I am beyond thrilled to share my friend Susanna Salk’s latest Rizzoli tome, Decorate Fearlessly: Using Whimsy, Confidence, and a Dash of Surprise to Create Deeply Personal Spaces.
Of course I’m quite honored to be featured with the likes of super chic fellow decorators like Alex Papachristidis, Miles Redd, Mary McDonald, Jacqueline Coumans, Tom Scheerer and Jamie Drake to name a few. Just as I personally celebrate a bold sense of sartorial splendor, I’m also inspired by those who fearlessly express themselves when it comes to decorating houses.
James Andrew’s Living-Room – photo by Simon Upton
Knowing the rules of decorating is an integral part of being confident enough to break them occasionally—as Diana Vreeland once said “.. a little bad taste is like a dash of paprika..” When I was in the employ of Parish Hadley, my friend Albert Hadley would quite often add an odd thing or two that would add that perfect element of whimsy. He really new how to bring a space to life. Salk’s Decorate Fearlessly, celebrates our very different perspectives and points of view, while providing the reader with endless bits of inspiration and practical tips on how to boldly imbue a room with personal flair. Pick your’s up on Amazon here: Decorate Fearlessly: Using Whimsy, Confidence, and a Dash of Surprise to Create Deeply Personal Spaces
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When I was working with Parish-Hadley Inc., my mentor and friend Albert Hadley would often talk about his early influences — in particular: William Pahlman, Van day Truex, Billy Baldwin and the very elegant George Stacey. Hadley held George Stacey in particularly high esteem. It’s clear that Stacey deeply informed Hadley’s early development, and indeed had a major influence on the aesthetic of many other decorators, including (but in no way limited to) Baldwin, and Michael Taylor.
Somerset House in Piaget Parish, Bermuda
Yet puzzlingly — especially when one considers his influence — Stacey has remained somewhat of an enigma for many years…that is, until now! Thanks to my exquisite friend Maureen Footer who immersed herself in ALL things George Stacey for four years, we now have the most tremendous Rizzoli tome George Stacey and the Creation of American Chic celebrating Stacey and his carreer. It’s a brilliant journey through Stacey’s meteoric rise to fabulousness — an ascension that prompted Billy Baldwin to dub him “The King of Decorators.” Stacey was THE go-to decorator for the smart set and social elite, bringing his brand of “American chic” to projects for major figures like Diana Vreeland, the Astors, Paleys, Harrimans, and Whitneys.
George Stacey and Babe Paley antiquing in Paris
George Stacey’s Chateau de Neuville
Among many other aspects of Stacey’s life, Footer delves into the development of Stacey’s aesthetic — a viewpoint rooted in the classics, yet infused with an impossibly fresh spirit. Well versed in many periods and styles, Stacey created a truly groundbreaking design gestalt. I particularly like his “Modernist Monticello” for Frances and Ward Cheney: a brilliant blending of “glamour, historicism and swagger.” Stacey’s work is a reminder to the Trade that we can only evolve when we’re well informed; It’s imperative to have a working knowledge of period furniture; art history; and of course, the use of color!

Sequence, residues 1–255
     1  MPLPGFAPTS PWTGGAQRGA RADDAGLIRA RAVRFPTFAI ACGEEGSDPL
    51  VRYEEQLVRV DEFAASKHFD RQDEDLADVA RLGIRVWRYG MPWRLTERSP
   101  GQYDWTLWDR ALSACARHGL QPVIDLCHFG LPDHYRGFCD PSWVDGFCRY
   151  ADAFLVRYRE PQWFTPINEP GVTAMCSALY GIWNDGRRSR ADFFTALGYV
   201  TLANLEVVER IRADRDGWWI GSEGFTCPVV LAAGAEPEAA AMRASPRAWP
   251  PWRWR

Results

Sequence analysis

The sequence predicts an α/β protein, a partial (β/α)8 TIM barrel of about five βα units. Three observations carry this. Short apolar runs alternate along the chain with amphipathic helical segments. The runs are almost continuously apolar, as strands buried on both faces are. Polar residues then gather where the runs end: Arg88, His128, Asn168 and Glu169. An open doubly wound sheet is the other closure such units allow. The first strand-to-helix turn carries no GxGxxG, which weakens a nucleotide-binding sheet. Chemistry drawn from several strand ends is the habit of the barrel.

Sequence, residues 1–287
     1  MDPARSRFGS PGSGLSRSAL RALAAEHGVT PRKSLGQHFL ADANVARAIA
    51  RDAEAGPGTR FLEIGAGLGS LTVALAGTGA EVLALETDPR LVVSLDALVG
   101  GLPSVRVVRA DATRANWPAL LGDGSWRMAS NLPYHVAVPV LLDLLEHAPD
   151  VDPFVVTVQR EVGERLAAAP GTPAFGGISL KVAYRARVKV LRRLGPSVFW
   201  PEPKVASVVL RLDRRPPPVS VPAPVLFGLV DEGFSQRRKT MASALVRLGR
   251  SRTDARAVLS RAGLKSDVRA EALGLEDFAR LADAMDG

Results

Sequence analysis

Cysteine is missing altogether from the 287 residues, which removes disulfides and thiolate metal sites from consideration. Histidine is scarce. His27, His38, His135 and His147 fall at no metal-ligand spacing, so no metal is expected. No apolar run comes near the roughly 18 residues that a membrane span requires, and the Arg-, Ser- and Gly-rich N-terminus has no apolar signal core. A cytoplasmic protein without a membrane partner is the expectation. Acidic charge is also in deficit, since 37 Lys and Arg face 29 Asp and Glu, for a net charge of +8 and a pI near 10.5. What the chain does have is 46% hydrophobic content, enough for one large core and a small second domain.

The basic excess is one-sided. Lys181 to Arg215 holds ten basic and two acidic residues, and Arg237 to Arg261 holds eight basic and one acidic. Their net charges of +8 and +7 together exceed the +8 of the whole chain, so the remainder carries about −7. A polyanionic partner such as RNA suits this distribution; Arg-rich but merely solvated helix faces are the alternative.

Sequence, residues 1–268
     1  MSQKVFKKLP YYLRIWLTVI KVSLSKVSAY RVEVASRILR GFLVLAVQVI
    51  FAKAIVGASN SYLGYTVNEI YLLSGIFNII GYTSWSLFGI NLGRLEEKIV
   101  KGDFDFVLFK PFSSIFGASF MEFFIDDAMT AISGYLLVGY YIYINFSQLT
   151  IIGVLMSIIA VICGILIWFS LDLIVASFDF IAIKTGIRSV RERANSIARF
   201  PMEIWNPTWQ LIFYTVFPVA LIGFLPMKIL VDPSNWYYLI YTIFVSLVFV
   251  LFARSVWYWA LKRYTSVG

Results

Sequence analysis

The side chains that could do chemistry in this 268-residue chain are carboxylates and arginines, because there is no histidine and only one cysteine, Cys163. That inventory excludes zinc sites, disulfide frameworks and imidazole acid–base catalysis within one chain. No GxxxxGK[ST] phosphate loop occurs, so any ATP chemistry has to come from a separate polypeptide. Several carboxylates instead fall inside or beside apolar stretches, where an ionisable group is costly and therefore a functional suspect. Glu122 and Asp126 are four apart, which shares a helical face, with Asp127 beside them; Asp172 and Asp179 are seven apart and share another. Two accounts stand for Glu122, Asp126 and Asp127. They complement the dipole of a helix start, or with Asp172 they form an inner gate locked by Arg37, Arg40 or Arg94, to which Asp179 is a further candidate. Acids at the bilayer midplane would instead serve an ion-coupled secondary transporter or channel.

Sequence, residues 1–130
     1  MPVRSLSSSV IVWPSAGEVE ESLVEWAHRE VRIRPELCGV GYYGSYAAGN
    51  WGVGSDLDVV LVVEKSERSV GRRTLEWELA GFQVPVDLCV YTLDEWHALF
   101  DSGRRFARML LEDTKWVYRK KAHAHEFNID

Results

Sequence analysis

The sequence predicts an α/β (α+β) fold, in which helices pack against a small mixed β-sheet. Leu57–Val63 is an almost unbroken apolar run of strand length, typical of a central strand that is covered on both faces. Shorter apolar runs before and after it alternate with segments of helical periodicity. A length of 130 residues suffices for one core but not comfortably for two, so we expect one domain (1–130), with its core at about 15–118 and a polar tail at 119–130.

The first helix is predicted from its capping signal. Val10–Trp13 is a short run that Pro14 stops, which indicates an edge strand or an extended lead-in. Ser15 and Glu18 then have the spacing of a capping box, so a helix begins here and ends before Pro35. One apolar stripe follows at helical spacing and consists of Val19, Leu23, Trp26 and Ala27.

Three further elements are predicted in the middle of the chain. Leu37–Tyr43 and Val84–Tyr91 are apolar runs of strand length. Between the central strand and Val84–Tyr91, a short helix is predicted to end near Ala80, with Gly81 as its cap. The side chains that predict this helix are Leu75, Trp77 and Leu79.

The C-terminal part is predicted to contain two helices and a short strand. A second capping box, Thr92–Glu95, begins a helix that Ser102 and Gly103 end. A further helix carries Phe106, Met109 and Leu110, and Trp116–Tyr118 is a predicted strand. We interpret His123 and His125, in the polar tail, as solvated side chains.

This is a must-read for up and coming designers, as well as for those of us who have been around a while!
Buy your copy at Amazon here: George Stacey and the Creation of American Chic
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My friend, Susanna Salk’s sumptuous new Rizzoli book, C.Z. Guest: American Style Icon, is a beautiful and enlightening glimpse into Guest and her world, paying homage to her enduring style and multi-faceted life. Salk reveals Guest for the true maverick she was — trend-setter, horsewoman, fashion designer, businesswoman, actress, author, and columnist (her gardening column for the New York Post helped to promote a whole gardening-as-lifestyle industry!). And let’s not forget Guest as the renowned socialite—but not the vapid sort that one thinks of when one hears the word. No, she was very much more interested in character than social climbing. Guest tells us, “My ambition was to be a successful enough actress to get myself thrown out of the Social Register: I had no talent at all but I enjoyed every minute of my experience.” It’s exactly this rare combination of brazen irreverence, candor, and jois de vivre that makes Guest so fascinating. And it is, after all, Salk to be thanked for so adeptly and lovingly weaving words like these into a truly comprehensive treatment of her subject.
from C.Z. Guest: American Style Icon
I’ve had the great fortune to have lunched with C.Z. Guest at Templeton on quite a few occasions—lunch was always an uncomplicated affair, perhaps a cheese souffle and salad on Dodie Thayer plates. Of course there was always a great deal of wine, and Guest, true to expectations, would captivate us with her tales of superstars, royalty, and mobsters alike—and it seemed like there was not as wide a divide between these various social strata as one might imagine! My time at Templeton remains among my most cherished memories, and I’m happy to say Salk’s book captures Guest and her surrounds perfectly.
from C.Z. Guest: American Style Icon
For those of you looking to know more about Guest, Salk’s book has many never before published photos of C. Z. Guest, as well as musings by a great host of style icons and tastemakers. It’s an intimate look into Guest’s remarkable life, and a must-have for your library. We’re sure it will provide inspiration for you in any of your grand endeavors! Pick up a copy here: C.Z. Guest: American Style Icon